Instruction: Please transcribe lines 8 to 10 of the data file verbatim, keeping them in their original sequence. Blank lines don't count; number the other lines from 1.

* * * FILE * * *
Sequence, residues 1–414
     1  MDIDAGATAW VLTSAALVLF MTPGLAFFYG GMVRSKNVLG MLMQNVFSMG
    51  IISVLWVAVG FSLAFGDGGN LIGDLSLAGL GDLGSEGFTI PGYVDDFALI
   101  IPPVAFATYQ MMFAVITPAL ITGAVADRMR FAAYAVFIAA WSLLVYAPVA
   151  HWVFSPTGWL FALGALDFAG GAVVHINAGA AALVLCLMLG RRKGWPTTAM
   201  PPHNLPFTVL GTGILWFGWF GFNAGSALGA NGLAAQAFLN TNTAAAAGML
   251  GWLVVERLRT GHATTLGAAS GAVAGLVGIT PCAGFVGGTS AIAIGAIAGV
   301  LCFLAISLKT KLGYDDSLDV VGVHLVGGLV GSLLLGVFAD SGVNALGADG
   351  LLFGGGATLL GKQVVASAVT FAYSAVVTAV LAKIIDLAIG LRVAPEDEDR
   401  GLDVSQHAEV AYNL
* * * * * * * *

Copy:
   301  LCFLAISLKT KLGYDDSLDV VGVHLVGGLV GSLLLGVFAD SGVNALGADG
   351  LLFGGGATLL GKQVVASAVT FAYSAVVTAV LAKIIDLAIG LRVAPEDEDR
   401  GLDVSQHAEV AYNL